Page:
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Efforts Continue to Optimize Ibrutinib in CLL

Greg Kennelty
Published: Thursday, Jun 02, 2016

Dr Jennifer R. Brown

Jennifer R. Brown, MD, PhD

Despite the RESONATE-2 trial having demonstrated the efficacy of ibrutinib (Imbruvica) in treatment-naïve elderly patients with chronic lymphocytic leukemia (CLL), Jennifer Brown, MD, explains that oncologists should carefully select patients to receive the drug depending on their age, comorbidities, and risk.

The RESONATE-2 trial was the basis for the FDA’s March 2016 approval of ibrutinib for the treatment of patients with CLL in the first-line setting.

In May 2016, the FDA expanded the label of ibrutinib to include overall survival results in treatment-naïve patients with CLL, as well as outcomes with the BTK inhibitor when combined with bendamustine and rituximab (BR) in relapsed/refractory patients with CLL.

In an interview with OncLive, Brown, director of the Chronic Lymphocytic Leukemia Center, senior physician, associate professor of Medicine at Harvard Medical School and Dana-Farber Cancer Institute, discusses the findings and impact of the RESONATE and RESONATE-2 trials, as well as the role of ibrutinib in older and younger patients in both the frontline and relapsed settings.

OncLive: What is the role of ibrutinib in the frontline setting for elderly patients?

Brown: Ibrutinib actually got a broad approval for frontline CLL in March 2016. This was based on the RESONATE-2 trial, which was a randomized trial that enrolled CLL patients previously untreated over the age of 65 and assigned them to either ibrutinib or chlorambucil. In that setting—unsurprisingly, since chlorambucil is not a very good comparator—ibrutinib did improve progression-free and also overall survival (OS), with about 85% to 90% of patients still on ibrutinib at the 18-month follow-up.

These were low-risk patients—no 17p deleted patients. Generally, despite their older age, they did not have comorbidities. Approximately 30% of them had comorbidities.

Ibrutinib is now a frontline option, but I would tend to restrict it to patients over 70. In general, we think it could be applicable to patients with comorbidities, though it actually hasn't been studied that extensively in patients with comorbidities. That would be reasonable, except in cases where we should avoid it, such as anti-coagulation.

I tend to avoid ibrutinib for patients with significant cardiac disease because of the arrhythmia risks, as well as for patients with significant renal failure.

How does that compare to other frontline options for that patient population?

Other treatment options in this older patient population include BR, which, as a chemoimmunotherapy, has a median progression-free survival (PFS) of 3 or 4 years; however, you receive it for 6 months and you're done. Then, obinutuzumab and chlorambucil have been shown to be better than chlorambucil, and also better than rituximab and chlorambucil in an older patient population, where the patients did, in fact, have higher comorbidity levels.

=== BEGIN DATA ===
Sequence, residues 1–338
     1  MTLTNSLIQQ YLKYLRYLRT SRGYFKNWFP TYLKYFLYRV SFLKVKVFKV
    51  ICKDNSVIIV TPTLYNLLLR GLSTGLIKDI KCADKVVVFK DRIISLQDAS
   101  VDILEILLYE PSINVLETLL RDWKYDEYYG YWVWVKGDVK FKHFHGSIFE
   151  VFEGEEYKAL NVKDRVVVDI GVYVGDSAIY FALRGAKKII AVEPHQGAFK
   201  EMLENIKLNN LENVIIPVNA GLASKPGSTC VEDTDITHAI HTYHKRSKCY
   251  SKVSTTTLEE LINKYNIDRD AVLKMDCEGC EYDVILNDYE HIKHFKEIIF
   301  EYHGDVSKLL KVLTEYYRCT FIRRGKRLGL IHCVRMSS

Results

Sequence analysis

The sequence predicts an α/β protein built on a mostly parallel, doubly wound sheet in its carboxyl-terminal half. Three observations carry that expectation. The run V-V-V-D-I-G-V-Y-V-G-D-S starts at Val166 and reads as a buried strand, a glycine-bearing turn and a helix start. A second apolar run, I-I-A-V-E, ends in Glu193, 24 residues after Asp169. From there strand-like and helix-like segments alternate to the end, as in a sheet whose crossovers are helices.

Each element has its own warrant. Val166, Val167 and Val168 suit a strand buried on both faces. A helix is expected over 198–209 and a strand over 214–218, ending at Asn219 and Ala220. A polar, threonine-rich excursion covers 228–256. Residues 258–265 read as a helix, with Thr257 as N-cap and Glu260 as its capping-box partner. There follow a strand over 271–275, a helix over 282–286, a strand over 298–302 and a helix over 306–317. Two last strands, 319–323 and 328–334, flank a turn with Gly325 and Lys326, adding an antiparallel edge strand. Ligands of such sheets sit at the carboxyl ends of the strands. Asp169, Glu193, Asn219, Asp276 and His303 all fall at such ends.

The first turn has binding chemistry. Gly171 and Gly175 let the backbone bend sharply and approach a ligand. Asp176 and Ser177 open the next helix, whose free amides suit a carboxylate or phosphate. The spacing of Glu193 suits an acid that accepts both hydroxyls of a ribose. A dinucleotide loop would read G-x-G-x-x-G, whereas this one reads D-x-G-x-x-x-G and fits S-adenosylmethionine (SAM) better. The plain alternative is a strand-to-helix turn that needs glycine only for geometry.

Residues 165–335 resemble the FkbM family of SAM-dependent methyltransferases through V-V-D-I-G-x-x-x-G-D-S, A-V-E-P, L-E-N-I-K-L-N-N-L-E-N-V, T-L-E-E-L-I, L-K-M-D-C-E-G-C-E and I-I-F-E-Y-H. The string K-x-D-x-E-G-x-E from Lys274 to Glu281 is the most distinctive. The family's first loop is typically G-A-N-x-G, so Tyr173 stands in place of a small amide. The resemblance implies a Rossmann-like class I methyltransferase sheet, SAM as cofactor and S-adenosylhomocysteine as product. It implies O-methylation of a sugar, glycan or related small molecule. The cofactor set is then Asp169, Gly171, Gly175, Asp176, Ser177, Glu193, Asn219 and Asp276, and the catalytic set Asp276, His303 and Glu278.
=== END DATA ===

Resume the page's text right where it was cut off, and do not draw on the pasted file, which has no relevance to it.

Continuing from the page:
There is some evidence that ibrutinib is not well tolerated in older patients who have comorbidities. Therefore, for people who have many comorbidities, the obinutuzumab/chlorambucil regimen can be quite well tolerated. Recent updates on that data showed a time to next treatment of 51 months, equating to over 4 years for a short-duration, relatively well-tolerated therapy.

What about younger patients? What are their options in the frontline setting?

The standard treatment option for younger patients has been fludarabine, cyclophosphamide, and rituximab, or FCR, and that's based on a couple of German CLL study groups starting with CLL8, where rituximab prolonged OS when added to FCR.

Then, there was CLL10 where FCR beat BR. The importance of the significant benefit of FCR over BR was brought home recently, because we now have 3 long-term follow-up trials of FCR.

We know that, in a subset of patients, they remain progression-free at 12 years. Approximately 60% of patients with mutated IGH, the favorable IGH, are alive and progression-free 12 years after FCR. That means that many of them are probably cured. Therefore, it is very important to emphasize this with this subgroup of patients—they have the opportunity to do 6 months of therapy, be done, and possibly be cured.

In the higher-risk, unmutated group, they do show continuous relapse. They have a median PFS of about 5 years with FCR. Ibrutinib has actually been approved in this setting but, for a young, fit patient, it means going on a drug for possibly the rest of their lives. There are some toxicities associated with that, such as atrial fibrillation, bleeding, muscle spasms, and edema. Therefore, it is very important that your mutated patients stick with FCR and not BR. There is no evidence that BR results in any prolonged PFS in any subgroup.


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